Neil White: We should be given choice over whether to pay for the BBC
IN a supposedly free, democratic society, isn't it time that the BBC licence fee became optional?
Every year, we have to pay £145.50 for a service which we may or may not use.
For me, that amounts to nearly £150 to listen to the Chris Evans show on BBC Radio 2, the news output of BBC Radio Derby and tuning into Radio CWR (Coventry and Warwickshire) for 45 minutes either side of my team's football matches.
For years, I have failed to understand why BBC Radio doesn't carry adverts like every other station.
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It certainly would not ruin my listening enjoyment.
As for the BBC TV stations, I don't watch any of them out of choice.
Occasionally, I will be in my lounge when the channel has been flicked in the direction of Strictly Come Dancing (just Come Dancing by another name as far as I can see), Match Of The Day (lots of talk and little action) or the news (not as good as Sky).
And don't get me started on the One Show. Mrs W insists on watching it while we are eating our tea. I have never seen a worse programme in my life.
Regardless of my opinion of their quality, I would ask again whether any of the so-called jewels of the BBC's crown would be diluted by commercial input? I don't think so.
The BBC does not take the commercial buck because it claims it needs to be seen to be impartial.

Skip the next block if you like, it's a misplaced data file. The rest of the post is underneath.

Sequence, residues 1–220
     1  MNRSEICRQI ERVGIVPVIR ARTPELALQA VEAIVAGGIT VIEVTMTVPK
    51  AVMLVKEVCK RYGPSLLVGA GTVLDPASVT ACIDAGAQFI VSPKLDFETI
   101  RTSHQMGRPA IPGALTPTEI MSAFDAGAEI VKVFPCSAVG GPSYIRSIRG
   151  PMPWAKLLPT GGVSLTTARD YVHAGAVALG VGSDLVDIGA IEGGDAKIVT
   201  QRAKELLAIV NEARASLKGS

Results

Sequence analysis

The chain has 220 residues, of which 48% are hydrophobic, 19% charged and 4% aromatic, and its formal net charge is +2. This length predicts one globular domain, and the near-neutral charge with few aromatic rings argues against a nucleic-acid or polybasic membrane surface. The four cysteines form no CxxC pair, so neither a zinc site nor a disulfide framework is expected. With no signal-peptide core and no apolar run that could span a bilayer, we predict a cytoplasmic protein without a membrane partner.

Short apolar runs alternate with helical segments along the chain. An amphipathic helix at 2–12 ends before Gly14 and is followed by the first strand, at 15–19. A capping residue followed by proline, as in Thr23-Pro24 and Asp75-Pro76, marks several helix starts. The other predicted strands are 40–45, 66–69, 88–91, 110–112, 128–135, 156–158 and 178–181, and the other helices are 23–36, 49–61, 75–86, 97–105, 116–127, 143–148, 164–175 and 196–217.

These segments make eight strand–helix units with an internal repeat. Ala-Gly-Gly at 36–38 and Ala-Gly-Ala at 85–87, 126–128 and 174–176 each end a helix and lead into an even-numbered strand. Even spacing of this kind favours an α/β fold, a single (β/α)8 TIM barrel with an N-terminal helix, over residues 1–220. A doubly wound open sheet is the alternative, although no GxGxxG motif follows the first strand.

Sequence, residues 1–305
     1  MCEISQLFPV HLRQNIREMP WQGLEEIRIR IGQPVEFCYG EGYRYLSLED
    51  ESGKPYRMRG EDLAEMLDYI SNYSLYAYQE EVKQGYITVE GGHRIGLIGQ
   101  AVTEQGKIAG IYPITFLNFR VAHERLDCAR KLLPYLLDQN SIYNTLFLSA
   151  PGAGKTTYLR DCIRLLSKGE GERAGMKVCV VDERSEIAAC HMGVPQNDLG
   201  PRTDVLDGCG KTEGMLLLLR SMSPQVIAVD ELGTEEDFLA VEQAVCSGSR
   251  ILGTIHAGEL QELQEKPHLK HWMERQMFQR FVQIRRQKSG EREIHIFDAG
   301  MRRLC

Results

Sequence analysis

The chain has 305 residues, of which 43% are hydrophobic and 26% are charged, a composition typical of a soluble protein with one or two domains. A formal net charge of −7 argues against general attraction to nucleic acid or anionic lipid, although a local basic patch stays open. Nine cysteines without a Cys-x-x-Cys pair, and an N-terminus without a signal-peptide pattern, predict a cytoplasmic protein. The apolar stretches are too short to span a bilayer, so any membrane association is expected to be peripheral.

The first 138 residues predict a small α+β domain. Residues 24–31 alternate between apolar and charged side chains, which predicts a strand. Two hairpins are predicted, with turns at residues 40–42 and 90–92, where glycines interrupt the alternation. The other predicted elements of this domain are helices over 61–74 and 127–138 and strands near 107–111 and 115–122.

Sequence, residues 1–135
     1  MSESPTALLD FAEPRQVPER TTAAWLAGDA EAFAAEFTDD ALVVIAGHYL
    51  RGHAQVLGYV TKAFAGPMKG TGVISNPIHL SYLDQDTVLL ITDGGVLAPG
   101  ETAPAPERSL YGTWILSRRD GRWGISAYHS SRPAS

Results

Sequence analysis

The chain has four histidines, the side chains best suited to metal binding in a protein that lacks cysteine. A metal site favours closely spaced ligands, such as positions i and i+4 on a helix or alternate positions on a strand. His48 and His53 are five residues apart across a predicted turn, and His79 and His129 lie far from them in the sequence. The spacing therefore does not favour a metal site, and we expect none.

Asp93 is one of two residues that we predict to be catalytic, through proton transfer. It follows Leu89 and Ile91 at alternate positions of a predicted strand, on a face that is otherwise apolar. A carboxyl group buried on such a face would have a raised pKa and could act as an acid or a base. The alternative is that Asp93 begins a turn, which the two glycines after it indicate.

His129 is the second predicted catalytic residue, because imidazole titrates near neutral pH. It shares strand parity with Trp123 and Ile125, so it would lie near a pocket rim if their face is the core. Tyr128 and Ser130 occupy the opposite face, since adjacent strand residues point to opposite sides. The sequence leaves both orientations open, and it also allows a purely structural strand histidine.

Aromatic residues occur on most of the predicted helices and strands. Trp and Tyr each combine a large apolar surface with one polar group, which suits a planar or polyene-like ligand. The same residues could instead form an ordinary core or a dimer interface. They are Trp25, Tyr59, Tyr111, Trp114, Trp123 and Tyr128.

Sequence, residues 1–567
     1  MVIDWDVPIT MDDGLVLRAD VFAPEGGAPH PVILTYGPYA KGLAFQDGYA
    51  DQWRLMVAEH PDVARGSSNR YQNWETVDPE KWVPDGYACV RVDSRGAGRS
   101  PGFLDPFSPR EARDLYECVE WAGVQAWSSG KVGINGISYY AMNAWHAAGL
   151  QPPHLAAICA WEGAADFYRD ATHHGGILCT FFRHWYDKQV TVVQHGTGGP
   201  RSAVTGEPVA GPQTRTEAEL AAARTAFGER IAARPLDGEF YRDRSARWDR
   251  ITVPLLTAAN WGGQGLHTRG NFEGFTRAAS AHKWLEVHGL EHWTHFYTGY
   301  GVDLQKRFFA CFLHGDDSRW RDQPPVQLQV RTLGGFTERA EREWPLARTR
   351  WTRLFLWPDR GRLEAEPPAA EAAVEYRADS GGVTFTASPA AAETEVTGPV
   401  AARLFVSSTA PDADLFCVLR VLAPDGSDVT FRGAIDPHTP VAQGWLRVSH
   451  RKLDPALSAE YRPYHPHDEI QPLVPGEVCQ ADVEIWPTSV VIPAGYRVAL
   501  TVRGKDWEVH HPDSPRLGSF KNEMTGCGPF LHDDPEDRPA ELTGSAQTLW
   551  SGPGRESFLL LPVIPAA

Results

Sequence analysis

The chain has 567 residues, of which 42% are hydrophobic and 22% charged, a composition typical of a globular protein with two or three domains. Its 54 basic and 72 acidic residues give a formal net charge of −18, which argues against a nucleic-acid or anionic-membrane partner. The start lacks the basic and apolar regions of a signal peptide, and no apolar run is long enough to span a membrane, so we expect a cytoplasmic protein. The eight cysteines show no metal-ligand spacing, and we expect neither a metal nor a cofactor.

Isn't it ironic, therefore, that ITV, Sky, Channel 4 and Channel 5 all interrupt their news with advertising and yet their coverage comes in for less criticism over bias than the BBC's?
Let me put into context the origins of the licence fee.
It was first introduced in 1923, a year after the BBC was founded and made its first radio broadcasts – that was, believe it our not, 11 years before the first experimental television began from Alexandra Palace.
In 1923, a Parliamentary panel, known as the Sykes Committee, rejected advertising for the service as it would lower standards and recommended that a 10 shillings licence fee fund broadcasts.
It was agreed that the BBC should not have an adverse effect on the commercial media to the point that, to avoid competition with newspapers, Fleet Street persuaded the government to ban news programmes until 7pm.
It was also agreed that the BBC could only use news from wire services instead of reporting its own.
Of course, time has moved on. The BBC still demands our cash but couldn't care less about the impact of its free services on other media (such as the Derby Telegraph).
In fact, it seeks to compete with commercial organisations by using photographs and the written word on its huge number of internet sites.
It also provides a news service for foreign audiences on radio and television.
And we pay for it all.
I am not tight when it comes to the media. I pay for a Sky subscription and buy newspapers and magazines.
All I ask for is the choice over whether I should also pay for the BBC.